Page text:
Jay & Miles X-Plain the X-Men

323 – Baby Talk

Art by David Wynne. Wanna buy the original? Drop him a line!

In which we spend a large amount of time on a group of small characters; X-Babies stories cover a wide range of quality; Mojo is relegated to public access; the ‘Vengers rebel against their creator; the X-Babies excavate Star Comics; we adjust our opinion of the mid-‘90s; and WandaVision is probably not connected to the Mojoverse.

X-PLAINED:

  • Fun with blood
  • The X-Babies
  • Mojo
  • Pint-Sized X-Babies #1
  • X-Babies Reborn #1
  • X-Babies: Stars Reborn #1-4
  • The Brotherhood of Mutant Bullies
  • X-Baby nomenclature
  • The Pix
  • Hell’s Kitchen
  • The Wildways (more) (again)
  • Monkey Wagon
  • Bubblefield
  • Marshmallow Marsh
  • Gamesboro
  • The Textbook Sisters
  • The ‘Vengers
  • A transformation
  • Mr. Veech
  • Nandy
  • Star Comics and several characters therefrom
  • The Adorable X-Babies
  • Our opinions on the mid-‘90s
  • Welcome to Westview

NEXT EPISODE: X-Teens!


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12 comments

  1. There’s a proper 616 Planet Terry who has popped up a couple of times in recent years, connected with the GOTG. I remember him being really annoying in Drax.

    Outside of that, Marvel Database doesn’t list him in anything except Mojoworld or his own comic in the 80s. Clearly he didn’t grab anyone’s attention.

    https://marvel.fandom.com/wiki/Planet_Terry

      1. Guilty as charged. I was going by the description.

        But c’mon, be fair – it was a jokey comment, not a criticism. I put a smiley on it and everything.

  2. I have to say, I knew it wouldn’t be a thing because of licensing issues, but I am still disappointed that the X-Babies: Star Reborn didn’t feature Alf, Droids, or Ewoks. Or The Muppet Babies. I suppose it wouldn’t be that hard to write my own fanfiction for it.

    1. Maybe next time, since Disney owns all of those franchises but ALF now (and ALF is controlled by Sony, so perhaps they could work out temporary custody like with Spider-Man.)

  3. Very scattered thoughts:-

    -Our hosts were hard on the inconsistent tone of Murderama, and I can see their point. But I did like Ruben Diaz’s use of Claremontesque narrative captions that treat it all as completely and grandiloquently serious, and the presence of those captions made things like Cyke sacrificing his life and dying quite OK for me — it felt like the point was to send up that sort of melodramatic turn in standard-issue X-Men.

    – I also liked that Magneato was specifically Silver Age Magneato. It’s another entry in tracking the influence of the ‘90s nostalgic turn on the X-books — this is about the reader recognizing a parody of comics from a long time ago.

    – Moving on to the later miniseries: there’s a peculiar charm to a storyline that turns on the idea that the original handling of the X-Babies, or the Star Comics characters, was so anarchic and anti-authoritarian that it would be just Wrong to reinvent them as cuddlier figures with improving messages. (Also, was the V-Chip really still a thing people were talking about in 2010?). It’s rather as if the originals are supposed to have been Shako or something like that. (Actually, now I want a strip about a kindly, cuddly teddy-bear who is on the CIA’s death list.)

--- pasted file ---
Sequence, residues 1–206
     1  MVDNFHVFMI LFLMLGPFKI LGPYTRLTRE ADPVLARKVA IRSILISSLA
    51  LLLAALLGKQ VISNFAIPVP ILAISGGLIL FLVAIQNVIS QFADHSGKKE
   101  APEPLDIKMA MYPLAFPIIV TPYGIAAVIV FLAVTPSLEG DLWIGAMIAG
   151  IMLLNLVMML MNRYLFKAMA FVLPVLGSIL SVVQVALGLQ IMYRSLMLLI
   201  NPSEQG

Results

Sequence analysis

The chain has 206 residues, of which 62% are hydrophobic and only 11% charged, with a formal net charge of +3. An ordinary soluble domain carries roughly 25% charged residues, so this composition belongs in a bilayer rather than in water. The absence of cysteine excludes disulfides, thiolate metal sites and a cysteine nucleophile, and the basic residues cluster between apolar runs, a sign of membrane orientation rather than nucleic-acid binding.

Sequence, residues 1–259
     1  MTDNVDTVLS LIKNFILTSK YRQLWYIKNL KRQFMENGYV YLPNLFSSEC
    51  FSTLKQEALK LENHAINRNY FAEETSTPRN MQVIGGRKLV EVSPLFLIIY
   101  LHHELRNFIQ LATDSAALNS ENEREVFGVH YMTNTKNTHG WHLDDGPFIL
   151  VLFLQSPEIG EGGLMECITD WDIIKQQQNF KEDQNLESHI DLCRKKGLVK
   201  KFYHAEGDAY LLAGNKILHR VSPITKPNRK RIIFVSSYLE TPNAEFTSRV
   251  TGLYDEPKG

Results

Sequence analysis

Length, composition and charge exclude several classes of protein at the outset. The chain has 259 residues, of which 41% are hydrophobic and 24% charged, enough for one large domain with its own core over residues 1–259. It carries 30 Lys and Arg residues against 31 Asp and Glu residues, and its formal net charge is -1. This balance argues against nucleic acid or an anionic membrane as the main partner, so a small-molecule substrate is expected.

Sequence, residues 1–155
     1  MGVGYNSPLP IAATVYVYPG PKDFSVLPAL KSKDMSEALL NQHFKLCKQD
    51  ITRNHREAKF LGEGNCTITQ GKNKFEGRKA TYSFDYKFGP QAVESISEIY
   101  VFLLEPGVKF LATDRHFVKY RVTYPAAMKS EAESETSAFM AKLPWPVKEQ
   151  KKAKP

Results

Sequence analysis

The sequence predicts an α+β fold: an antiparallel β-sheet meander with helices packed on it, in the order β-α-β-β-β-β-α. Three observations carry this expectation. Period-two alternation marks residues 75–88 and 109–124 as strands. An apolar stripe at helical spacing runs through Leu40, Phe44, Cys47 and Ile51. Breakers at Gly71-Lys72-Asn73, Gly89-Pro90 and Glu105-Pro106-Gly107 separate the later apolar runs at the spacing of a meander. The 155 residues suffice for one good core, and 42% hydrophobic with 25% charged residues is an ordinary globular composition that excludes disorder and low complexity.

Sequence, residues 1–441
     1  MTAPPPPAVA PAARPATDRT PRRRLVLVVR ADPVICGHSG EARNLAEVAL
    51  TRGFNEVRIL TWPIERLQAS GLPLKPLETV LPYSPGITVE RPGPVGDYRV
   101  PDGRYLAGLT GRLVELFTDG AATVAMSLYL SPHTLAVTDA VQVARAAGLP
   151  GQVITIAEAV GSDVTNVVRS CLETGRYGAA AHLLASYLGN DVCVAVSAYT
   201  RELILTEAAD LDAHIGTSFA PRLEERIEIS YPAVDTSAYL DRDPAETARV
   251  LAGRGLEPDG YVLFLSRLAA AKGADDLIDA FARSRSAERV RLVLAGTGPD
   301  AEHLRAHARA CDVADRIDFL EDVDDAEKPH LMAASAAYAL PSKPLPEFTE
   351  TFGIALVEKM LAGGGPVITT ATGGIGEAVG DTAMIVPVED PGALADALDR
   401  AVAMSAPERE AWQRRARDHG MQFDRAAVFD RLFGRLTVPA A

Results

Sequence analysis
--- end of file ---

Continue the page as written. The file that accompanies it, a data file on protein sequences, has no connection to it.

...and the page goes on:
– But I will say that, having never read the original Star comics or been really aware of their existence, I am sold on the potential of Top Dog as a character. Secret agent dog who is good at everything but is also a bit of a [expletive deleted].

    -I imagine that if I’d grown up in America, I would be familiar with Heathcliff. But when our hosts launched into “characters like Heathcliff, you know who he is,” my mind could only go straight to Emily Brontë. And then to Kate Beaton’s cartoon about “Dude-Watching with the Brontës.” It was all very strange.

    But, really, why is the cat called Heathcliff?

    1. I was going to make a joke about the name Garfield already being taken but it turns out Heathcliff predates that particular feline by about 5 years.

      As an American, hearing the name Heathcliff automatically makes me think of the cat. I didn’t realize the name had any other significance until the Michael Penn song “No Myth”. It caused me some minor confusion the first time I heard it. I wondered why he would compare himself to a cartoon cat.

  4. Okay, so I stumbled upon Top Dog during one of my “I have insomnia and am going to idly sit around browsing on Marvel Unlimited” moments. The weird thing is, I’ve only skimmed the last issue, but it ends on a DOWNER note (Top Dog has to leave the boy he’s befriended). Which then, of course, had me read this issue when you mentioned it, and seeing him reunited with said boy years later made me strangely satisfied despite only skimming the last issue one night at 1:30 AM about a year ago.

    Anyway, as far as WandaVision goes, I’m really enjoying the idea of doing House of M (and other stories) via a ghost story by way of sitcom. I’m overall not that into the MCU because it’s so straightforward and formulaic, but this has me wanting more out there adaptations of comic book stories. Like, can we get Inferno as an opera please?

    Also, started listening to some of the podcast and they have some really cool insight (love their take on “A Very Special Episode”). Thanks!

    1. So glad that you mentioned that Top Dog is on MU. Forget my plan of finding out whether the current Daredevil run is as good as House to Astonish say — I know what I’m reading next.

      (If I ever write fanfic, it just might be Top Dog Meets the Littlest Hobo.)

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